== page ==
Lawmakers Consider Options After Session Derailment
In-state gasline bill still on the table
JUNEAU - On Day 10 of the special legislative session, with the senate adjourned, House Speaker Mike Chenault (R-Nikiski) was still trying to find a way to move forward on an in-state natural gas pipeline.
It already was too late for oil tax reform. Chenault says he's accepted Governor Parnell's decision to pull his bill on oil taxes off the special session proclamation.
"My interpretation of the governor taking them off the call, that that is probably a non-starter there - but is there a way we can move forward with in-state gas pipeline legislation? So we're having discussions with the senate right now."
The conversation occurs because of the senate majority's interpretation of the governor's action as rescinding the entire special session - which prompted the upper chamber's abrupt adjournment Thursday.
So far, it's unresolved whether the legislative leaders can agree on a way to continue the special session - or to call their own. Before the senate's adjournment, lawmakers and observers still were absorbing the news that Parnell gave up on oil taxes.
Said House Minority Leader Beth Kerttula (D-Juneau): "It was kind of a shock last night when we all saw him cut bait. This was a good day for Alaskans. There was no reason to have a $2 billion a year giveaway, that gives away roads, schools, our ability to see good strong jobs for Alaskans."
The administration was accused of botching its presentations to legislators.
"They were unprepared to answer obvious questions," said Representative Berta Gardner (D-Anchorage). "They answered inaccurately. They said they'd get back to us and failed to do that. And lastly they told us to ask the oil industry."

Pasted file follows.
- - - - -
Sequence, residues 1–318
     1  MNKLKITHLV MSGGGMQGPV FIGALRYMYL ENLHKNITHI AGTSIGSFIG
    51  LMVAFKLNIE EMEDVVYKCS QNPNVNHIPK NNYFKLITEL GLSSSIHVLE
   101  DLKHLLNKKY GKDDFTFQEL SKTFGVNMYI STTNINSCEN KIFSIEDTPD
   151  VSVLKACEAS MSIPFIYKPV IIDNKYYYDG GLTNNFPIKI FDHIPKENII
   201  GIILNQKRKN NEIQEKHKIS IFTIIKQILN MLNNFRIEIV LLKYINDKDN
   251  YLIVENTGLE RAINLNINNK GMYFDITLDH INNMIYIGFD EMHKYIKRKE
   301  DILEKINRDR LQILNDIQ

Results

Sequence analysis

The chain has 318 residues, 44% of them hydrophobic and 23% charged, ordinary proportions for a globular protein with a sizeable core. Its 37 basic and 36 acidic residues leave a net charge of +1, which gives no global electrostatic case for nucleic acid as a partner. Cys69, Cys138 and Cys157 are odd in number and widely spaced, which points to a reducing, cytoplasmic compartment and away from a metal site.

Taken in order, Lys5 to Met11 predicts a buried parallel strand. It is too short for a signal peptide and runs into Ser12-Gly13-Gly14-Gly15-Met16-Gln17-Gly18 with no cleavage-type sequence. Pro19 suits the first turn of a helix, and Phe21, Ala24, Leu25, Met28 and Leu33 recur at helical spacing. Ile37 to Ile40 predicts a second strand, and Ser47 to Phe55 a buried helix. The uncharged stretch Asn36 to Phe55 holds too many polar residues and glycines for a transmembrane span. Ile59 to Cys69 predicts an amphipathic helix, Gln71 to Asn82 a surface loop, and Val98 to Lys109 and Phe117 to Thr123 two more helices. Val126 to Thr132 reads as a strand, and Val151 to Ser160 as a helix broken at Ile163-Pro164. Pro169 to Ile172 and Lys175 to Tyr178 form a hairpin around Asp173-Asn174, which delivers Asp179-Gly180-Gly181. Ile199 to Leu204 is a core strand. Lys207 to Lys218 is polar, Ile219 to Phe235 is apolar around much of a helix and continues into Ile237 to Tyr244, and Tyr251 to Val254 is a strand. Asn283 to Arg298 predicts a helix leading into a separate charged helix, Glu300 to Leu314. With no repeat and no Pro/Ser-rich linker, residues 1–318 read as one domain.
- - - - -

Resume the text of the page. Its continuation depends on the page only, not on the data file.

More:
The oil industry does not intend to give up on getting a more favorable tax regime.
"We remain committed to finding meaningful tax reform because the issue doesn't go away," said Kara Moriarity, executive director of the Alaska Oil and Gas Association. "Production is going to continue to decline at an accelerated rate until we see a change in our tax structure."
For now, though, Chenault says the outlook is bleak.
"Unfortunately, I think it doesn't bode well for Alaska's future, not seeing the investment dollars coming into Alaska to continue to fund 90 percent of our budget."
He hopes to salvage the special session with movement on a gas line. Chenault said he talked with Senate President Gary Stevens (R-Kodiak) today but did not indicate that any progress was made on a mutual decision regarding the next step.